This policy brief summarizes the main findings of the Regulatory Impact Assessment (RIA) on the possible ratification of the International Labour Organization (ILO) Domestic Workers Convention, 2011 (No. 189). The Convention aims to ensure decent work for all and provide domestic workers with fundamental protections and rights.
The Maternity Protection Convention, 2000 (No. 183), was established by the ILO to promote “equality of all women in the workforce and the health and safety of the mother and child”. The Convention sets minimum standards that need to be implemented in order for pregnant women and working mothers to be adequately protected in the labour market.
The International Labour Organization (ILO) Domestic Workers Convention, 2011 (No. 189), aims to promote decent work for all and to ensure fundamental protections and rights to domestic
Quality policymaking benefits from a process that is predictable, transparent, participatory, and accountable. This type of process helps make decisions that are legitimate, justified, effective, and proportionate. It is important to note immediately that regulation is only one possible option available for governmental intervention in society and the economy (see Box 1 for a definition of regulation).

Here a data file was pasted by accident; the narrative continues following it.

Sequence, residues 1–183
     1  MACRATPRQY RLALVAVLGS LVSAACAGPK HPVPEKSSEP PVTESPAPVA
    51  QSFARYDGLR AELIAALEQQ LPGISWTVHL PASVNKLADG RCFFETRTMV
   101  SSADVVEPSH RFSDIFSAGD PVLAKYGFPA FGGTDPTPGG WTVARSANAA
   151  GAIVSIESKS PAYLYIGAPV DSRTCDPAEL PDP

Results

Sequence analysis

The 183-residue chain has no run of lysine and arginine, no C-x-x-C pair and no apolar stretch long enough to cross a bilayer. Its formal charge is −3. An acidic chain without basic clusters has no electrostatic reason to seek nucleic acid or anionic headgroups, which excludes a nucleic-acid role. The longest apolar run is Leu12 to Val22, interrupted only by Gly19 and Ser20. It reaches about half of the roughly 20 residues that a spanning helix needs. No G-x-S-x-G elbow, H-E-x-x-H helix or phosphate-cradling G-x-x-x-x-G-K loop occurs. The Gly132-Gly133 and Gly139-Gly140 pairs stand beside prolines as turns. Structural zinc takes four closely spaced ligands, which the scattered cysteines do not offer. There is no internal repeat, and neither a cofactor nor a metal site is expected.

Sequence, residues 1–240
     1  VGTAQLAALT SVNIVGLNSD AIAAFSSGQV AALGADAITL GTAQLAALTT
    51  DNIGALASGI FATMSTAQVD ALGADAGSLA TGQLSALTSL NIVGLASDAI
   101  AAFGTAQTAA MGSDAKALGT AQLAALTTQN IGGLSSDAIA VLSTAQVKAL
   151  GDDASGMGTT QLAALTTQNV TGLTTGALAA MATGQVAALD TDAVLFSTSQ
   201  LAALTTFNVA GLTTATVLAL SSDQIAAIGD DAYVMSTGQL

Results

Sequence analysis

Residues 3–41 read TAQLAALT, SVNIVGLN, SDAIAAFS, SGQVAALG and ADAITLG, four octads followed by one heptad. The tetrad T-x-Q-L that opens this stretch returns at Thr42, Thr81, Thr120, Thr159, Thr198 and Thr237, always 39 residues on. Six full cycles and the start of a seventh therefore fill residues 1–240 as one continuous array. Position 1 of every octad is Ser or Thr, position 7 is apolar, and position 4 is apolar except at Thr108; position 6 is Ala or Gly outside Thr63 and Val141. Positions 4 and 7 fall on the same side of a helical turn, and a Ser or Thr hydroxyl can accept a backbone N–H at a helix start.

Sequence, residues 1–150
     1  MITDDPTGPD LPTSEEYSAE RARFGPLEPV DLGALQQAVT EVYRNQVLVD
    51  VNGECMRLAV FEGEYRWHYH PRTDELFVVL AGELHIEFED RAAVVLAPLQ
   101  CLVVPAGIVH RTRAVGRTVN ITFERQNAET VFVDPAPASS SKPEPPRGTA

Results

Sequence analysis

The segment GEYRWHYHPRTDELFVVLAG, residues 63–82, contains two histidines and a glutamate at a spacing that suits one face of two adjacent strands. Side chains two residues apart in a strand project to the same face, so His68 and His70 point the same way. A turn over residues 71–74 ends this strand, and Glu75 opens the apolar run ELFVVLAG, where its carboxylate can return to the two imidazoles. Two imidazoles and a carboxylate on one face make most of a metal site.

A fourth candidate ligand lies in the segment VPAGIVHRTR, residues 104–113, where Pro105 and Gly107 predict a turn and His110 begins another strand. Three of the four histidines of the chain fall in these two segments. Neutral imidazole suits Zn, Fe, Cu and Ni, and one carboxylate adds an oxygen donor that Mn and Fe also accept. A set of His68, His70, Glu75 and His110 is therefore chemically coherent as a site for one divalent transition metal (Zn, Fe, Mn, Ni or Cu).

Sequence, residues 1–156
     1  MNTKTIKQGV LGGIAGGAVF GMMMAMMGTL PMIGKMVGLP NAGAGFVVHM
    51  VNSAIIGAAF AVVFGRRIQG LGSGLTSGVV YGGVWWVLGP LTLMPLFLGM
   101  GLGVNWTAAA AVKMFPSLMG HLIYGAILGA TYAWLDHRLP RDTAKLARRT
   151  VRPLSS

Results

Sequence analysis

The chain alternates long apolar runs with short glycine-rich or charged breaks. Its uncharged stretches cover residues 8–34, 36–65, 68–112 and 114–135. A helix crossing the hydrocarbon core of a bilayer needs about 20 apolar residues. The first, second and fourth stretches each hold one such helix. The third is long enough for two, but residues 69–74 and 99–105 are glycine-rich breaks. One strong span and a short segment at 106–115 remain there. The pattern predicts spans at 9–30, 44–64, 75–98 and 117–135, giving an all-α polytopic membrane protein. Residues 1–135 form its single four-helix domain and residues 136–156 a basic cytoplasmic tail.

Women are generally under-represented in political offices worldwide, and their under-representation becomes larger in more senior positions. Infırst brıef the author reviews some recent academic literature in economics and political science on the likely causes of women’s under-representation. Broadly speaking, the literature has divided such causes into “supply-side” and “demand-side” factors.
This report highlights the derivation of sector-specific output (revenue), employment, and investment multipliers based on the Input-Output framework for the Georgian economy, which portrays the potential spillover effects of an increase in final demand for the products of a given sector on the whole economy.